Did your amaryllis bulb originate in South Africa, the Netherlands, or Israel? Its source may make a difference in when it blooms.
Courtesy of Betty Earl
Just the other day, at my local garden club meeting, a member mentioned how disappointed she was with her amaryllis (Hippeastrum) bulbs.
Now I am nuts about amaryllis, grow them by the dozen. So I was intrigued as to the problem.
They are, after all, audacious, tropical-looking flowers for those seeking a little easy-to-love indoor cheer in the dreary days of winter. The fact that they are also one of the easiest of bulbs for forcing can’t be over-looked, either.
With their large, exquisitely formed single or double flowers in bold shades of red, bright pink, orange or bi-color and blossoms in subdued shades of pink, rose, salmon and white that are flushed, flamed, or veined in bold coloration sitting high atop thick spring- green stems, these flowers are nothing short of sophistication and class.
So, what was the problem?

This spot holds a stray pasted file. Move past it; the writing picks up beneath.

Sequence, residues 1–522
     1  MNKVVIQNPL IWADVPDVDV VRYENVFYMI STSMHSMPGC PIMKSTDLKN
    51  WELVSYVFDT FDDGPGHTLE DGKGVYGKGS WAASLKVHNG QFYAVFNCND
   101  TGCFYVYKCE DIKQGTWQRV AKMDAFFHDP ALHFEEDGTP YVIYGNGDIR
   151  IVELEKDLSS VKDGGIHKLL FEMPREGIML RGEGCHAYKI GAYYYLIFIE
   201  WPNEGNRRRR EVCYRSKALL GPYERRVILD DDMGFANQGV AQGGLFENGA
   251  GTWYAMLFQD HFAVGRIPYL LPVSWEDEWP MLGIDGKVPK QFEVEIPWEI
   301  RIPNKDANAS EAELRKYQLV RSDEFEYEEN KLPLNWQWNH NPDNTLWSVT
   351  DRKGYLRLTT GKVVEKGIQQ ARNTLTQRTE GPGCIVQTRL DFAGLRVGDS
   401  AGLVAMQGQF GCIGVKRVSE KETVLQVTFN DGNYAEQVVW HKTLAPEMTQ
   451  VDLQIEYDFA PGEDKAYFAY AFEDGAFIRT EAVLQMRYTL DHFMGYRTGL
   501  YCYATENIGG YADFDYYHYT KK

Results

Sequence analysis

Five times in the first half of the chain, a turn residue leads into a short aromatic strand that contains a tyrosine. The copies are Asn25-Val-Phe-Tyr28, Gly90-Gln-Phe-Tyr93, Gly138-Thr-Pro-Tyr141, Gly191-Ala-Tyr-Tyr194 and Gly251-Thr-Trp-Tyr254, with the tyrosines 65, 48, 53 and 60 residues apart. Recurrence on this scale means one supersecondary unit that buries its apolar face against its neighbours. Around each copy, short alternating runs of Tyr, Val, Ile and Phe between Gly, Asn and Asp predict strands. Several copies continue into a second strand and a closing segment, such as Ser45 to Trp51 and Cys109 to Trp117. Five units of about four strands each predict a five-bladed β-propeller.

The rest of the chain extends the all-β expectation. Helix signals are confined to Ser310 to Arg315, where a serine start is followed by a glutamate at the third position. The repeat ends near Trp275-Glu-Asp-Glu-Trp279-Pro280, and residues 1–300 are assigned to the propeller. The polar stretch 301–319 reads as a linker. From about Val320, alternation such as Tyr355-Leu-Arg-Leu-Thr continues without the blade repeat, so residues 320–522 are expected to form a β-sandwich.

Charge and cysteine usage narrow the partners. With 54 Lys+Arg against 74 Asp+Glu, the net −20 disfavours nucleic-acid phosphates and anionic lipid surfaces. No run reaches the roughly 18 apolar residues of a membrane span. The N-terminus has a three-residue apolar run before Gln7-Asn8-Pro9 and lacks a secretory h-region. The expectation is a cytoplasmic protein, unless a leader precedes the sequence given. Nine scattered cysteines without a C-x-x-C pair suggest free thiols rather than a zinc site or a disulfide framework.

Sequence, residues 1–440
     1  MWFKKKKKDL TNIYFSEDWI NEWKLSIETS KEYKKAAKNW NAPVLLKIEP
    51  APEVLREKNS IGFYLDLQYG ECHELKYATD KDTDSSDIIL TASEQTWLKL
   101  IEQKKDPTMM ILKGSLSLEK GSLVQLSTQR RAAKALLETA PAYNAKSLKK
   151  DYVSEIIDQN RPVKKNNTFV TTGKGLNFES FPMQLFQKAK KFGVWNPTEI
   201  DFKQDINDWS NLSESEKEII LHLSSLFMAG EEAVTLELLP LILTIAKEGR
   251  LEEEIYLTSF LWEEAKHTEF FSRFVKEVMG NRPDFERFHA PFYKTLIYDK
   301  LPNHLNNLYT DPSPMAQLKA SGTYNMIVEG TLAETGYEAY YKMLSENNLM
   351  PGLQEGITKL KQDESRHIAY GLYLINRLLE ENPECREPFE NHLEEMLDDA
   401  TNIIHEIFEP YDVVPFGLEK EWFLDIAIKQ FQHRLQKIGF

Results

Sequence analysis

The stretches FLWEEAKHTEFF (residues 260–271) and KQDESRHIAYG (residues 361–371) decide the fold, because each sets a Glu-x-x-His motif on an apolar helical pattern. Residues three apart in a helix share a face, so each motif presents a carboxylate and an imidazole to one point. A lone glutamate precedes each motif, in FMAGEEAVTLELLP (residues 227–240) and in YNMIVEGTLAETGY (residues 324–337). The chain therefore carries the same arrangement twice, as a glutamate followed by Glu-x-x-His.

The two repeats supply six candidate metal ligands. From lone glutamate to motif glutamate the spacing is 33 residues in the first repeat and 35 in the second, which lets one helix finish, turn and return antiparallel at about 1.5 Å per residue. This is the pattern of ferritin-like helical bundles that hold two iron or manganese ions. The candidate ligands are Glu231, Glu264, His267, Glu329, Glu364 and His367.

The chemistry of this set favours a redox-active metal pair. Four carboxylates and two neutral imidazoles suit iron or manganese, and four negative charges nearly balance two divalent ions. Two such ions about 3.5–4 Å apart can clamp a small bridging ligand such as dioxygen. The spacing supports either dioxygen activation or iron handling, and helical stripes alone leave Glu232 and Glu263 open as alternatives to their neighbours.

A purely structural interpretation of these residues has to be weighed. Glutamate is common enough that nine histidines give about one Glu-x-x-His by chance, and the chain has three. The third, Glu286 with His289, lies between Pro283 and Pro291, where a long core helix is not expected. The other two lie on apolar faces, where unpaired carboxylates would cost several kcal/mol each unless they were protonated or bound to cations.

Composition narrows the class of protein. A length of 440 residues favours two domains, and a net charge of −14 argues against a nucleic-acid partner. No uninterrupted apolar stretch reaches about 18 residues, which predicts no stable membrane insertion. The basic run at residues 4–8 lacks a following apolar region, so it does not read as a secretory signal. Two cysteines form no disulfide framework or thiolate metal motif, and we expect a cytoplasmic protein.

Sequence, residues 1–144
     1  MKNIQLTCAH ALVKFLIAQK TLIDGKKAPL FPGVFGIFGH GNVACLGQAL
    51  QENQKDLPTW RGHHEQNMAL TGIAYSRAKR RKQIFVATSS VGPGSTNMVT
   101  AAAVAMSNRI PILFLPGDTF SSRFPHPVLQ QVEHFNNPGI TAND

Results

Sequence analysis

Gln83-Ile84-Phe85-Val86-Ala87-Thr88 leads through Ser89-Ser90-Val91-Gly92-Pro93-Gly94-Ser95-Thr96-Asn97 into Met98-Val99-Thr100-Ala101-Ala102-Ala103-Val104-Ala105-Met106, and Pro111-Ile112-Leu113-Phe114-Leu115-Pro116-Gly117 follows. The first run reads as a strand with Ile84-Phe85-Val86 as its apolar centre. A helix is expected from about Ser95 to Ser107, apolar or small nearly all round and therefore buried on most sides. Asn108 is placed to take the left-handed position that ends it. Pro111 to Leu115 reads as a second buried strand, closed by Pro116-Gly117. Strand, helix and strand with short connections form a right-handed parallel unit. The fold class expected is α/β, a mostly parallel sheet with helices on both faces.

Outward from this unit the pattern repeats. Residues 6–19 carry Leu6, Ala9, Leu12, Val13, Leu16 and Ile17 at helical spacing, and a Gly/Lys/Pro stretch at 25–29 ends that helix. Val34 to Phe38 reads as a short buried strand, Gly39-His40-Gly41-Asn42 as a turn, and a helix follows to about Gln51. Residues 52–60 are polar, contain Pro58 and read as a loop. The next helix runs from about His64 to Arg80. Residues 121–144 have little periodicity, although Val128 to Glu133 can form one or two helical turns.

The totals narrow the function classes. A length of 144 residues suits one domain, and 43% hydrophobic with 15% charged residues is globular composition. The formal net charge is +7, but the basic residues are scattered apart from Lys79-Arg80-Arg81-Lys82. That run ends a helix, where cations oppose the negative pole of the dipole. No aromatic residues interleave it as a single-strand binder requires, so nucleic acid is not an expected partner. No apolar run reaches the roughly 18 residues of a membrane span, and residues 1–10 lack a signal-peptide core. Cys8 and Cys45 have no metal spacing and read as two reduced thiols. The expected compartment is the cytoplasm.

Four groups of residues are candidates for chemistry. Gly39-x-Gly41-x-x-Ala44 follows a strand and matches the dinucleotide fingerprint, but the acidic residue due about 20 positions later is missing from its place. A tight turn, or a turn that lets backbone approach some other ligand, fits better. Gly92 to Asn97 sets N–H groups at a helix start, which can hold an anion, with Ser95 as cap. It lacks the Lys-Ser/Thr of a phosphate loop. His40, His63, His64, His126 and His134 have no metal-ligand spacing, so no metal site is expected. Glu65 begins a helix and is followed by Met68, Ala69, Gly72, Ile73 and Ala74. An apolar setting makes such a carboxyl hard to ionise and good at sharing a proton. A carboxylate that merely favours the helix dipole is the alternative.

My club member friend had purchased six ‘Temptation’ bulbs, potted them in early November, almost eight weeks before Christmas, with the intent of using the blooming plants as her dining room decorations over the holidays.
But, come Christmas, the bulbs sat there with just a smidgen of bud tips barely sticking out – with none of the highly anticipated flowers.
“Where did I go wrong?” she wanted to know.
Unfortunately, her choice of cultivar was her undoing.
Most amaryllis bulbs sold to the consumer are greater than eight inches (20 cm) in circumference and are either Dutch, South African, or Israeli-grown. Typically, they sport two to six flowers per stalk, with the average being four. Plant heights range from 18 to 36 inches, depending on the cultivar, the country in which the bulb was produced, and the conditions in which you grow it at home.